Group to oppose SDUSD support program for Muslim students
SAN DIEGO (KUSI) — Opponents of a new San Diego Unified School District program intended to combat Islamophobia in San Diego schools are scheduled to protest during a public comment period.
In an email sent to reporters, Citizens for Quality Education-San Diego said they opposed the implementation of "anti-American Sharia Law policies" at local schools.
The program is the result of direction by the board last July to address discrimination against Muslim students and their families, who trustees said are more likely to be bullied than other students.
Between July 1 and Dec. 31 last year, there were seven reported incidents of harassment based on religion in San Diego Unified schools, according to a district presentation. By comparison, there were 36 based on race and 21 on sex during the same period.
The program includes ensuring Muslim holidays are acknowledged on staff calendars, setting up professional staff development training on awareness of and advocating for Muslim culture, providing resources to students during Ramadan, and giving teachers history and social science materials, among other things. Over several years, the school board plans to consider high school clubs that promote American-Muslim culture.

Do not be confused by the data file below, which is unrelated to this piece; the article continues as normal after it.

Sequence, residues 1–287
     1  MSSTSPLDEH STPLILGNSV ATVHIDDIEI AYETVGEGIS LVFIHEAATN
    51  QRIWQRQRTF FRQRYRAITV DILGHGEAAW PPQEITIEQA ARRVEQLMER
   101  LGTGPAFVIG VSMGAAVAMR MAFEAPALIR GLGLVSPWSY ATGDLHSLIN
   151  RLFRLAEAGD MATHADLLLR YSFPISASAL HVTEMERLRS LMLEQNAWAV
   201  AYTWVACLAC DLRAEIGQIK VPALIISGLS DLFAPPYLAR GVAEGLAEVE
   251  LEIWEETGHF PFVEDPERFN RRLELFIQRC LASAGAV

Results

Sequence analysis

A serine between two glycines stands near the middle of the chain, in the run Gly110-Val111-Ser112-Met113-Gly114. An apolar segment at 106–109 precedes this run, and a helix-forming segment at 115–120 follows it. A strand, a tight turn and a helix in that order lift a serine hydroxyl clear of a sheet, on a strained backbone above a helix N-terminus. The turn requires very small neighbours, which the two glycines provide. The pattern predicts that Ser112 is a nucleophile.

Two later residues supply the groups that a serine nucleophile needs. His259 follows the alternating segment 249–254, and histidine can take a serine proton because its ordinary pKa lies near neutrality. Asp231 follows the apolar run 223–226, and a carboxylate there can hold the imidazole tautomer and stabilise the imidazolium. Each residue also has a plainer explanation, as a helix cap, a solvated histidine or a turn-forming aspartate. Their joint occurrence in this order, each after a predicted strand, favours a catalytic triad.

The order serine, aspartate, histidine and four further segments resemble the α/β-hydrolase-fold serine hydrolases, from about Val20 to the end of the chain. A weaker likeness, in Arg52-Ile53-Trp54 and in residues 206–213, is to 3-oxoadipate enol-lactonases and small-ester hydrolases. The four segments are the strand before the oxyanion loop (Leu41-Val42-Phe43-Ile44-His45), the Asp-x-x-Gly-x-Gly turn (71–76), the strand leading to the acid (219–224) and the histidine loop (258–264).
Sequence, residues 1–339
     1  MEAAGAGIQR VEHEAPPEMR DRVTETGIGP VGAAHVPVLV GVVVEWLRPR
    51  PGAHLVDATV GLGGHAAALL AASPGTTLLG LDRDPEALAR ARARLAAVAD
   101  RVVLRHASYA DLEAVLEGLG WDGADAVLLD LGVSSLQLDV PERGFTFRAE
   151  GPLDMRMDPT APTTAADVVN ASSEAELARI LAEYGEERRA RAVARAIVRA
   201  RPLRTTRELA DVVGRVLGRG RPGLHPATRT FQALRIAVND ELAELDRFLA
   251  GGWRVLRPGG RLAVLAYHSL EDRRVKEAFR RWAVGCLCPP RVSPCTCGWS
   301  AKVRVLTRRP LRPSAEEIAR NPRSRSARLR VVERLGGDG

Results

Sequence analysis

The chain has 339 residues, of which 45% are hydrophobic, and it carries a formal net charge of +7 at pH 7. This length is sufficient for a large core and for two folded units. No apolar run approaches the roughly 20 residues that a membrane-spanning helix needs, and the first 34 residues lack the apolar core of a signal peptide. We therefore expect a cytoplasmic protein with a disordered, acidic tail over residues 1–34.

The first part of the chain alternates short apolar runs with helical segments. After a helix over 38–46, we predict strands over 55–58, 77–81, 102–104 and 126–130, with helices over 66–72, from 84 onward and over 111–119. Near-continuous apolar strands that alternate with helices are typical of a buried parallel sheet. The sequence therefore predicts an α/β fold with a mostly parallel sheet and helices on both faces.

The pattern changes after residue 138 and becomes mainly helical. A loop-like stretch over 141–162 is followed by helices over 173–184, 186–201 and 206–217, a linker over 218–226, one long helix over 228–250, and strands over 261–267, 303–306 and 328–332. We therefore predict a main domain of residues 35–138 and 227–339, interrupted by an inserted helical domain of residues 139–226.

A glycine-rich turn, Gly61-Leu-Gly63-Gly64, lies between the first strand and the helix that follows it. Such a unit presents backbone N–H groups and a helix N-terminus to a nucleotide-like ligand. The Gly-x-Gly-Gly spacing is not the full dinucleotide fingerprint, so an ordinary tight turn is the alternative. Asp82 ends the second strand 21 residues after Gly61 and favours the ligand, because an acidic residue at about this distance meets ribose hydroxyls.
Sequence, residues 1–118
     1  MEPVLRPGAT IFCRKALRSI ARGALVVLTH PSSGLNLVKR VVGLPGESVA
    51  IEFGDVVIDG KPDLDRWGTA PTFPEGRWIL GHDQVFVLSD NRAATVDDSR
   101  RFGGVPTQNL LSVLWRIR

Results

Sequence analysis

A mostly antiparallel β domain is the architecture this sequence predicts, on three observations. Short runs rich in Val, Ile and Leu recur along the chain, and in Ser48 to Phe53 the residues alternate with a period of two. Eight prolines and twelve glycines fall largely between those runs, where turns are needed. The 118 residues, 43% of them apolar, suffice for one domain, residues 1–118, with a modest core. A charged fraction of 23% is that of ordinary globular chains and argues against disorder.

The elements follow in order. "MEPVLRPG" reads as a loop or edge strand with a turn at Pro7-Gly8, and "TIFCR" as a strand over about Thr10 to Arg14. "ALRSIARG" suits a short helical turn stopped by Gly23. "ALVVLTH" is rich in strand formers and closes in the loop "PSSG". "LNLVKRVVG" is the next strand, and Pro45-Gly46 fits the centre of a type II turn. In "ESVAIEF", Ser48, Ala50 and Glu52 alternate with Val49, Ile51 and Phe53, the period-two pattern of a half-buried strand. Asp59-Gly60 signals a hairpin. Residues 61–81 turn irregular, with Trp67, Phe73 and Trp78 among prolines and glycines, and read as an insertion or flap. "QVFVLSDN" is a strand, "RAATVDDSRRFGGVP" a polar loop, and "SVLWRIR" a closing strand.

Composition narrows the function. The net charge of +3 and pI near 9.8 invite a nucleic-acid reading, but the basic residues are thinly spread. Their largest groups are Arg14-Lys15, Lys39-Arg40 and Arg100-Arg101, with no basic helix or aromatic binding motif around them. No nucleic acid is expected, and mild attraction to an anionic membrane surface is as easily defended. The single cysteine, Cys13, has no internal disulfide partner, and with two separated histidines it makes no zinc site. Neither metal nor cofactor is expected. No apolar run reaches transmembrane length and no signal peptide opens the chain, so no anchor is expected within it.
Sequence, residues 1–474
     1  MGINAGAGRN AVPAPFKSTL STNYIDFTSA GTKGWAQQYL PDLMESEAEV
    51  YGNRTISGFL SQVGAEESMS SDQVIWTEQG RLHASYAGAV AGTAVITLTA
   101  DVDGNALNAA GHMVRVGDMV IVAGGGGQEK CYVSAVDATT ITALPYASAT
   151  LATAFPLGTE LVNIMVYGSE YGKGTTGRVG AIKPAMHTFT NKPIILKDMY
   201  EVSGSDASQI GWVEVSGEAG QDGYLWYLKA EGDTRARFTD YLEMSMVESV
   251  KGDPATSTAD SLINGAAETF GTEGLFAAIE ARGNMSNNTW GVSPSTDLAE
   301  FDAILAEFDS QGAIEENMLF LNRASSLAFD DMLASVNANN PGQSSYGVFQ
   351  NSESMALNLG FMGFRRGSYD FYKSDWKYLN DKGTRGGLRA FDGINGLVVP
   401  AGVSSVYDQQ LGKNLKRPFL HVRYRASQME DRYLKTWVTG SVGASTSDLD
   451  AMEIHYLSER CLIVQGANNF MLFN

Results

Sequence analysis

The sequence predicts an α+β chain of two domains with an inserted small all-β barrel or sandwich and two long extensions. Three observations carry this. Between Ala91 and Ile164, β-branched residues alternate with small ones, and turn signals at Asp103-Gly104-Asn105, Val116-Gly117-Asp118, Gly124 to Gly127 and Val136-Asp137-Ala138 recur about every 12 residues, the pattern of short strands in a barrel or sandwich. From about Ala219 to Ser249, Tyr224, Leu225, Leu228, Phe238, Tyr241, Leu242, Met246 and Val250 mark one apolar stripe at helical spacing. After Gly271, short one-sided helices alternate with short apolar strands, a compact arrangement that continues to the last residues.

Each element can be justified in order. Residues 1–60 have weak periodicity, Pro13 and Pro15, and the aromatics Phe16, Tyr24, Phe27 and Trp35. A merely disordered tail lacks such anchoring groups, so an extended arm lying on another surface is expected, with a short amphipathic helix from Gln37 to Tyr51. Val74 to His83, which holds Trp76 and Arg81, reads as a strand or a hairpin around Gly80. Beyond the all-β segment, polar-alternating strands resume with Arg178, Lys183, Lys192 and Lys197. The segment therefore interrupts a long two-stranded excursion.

The plan was approved 4-0 in April.
The district said it is not endorsing Islam or favoring a religion over another.
"Schools with large Muslim communities may choose to make areas available for prayer, if that is requested by their parents and students," the district said. "However, this is no more or less than we would do to accommodate Christians who want to pray at school, or members of other faiths. It is not uncommon, for example, for our schools to have a prayer club that meets before the start of school."
In its statement, Citizens for Quality Education said it objected to several steps being taken under the program, including establishing a partnership with the San Diego chapter of the Council on American-Islamic Relations.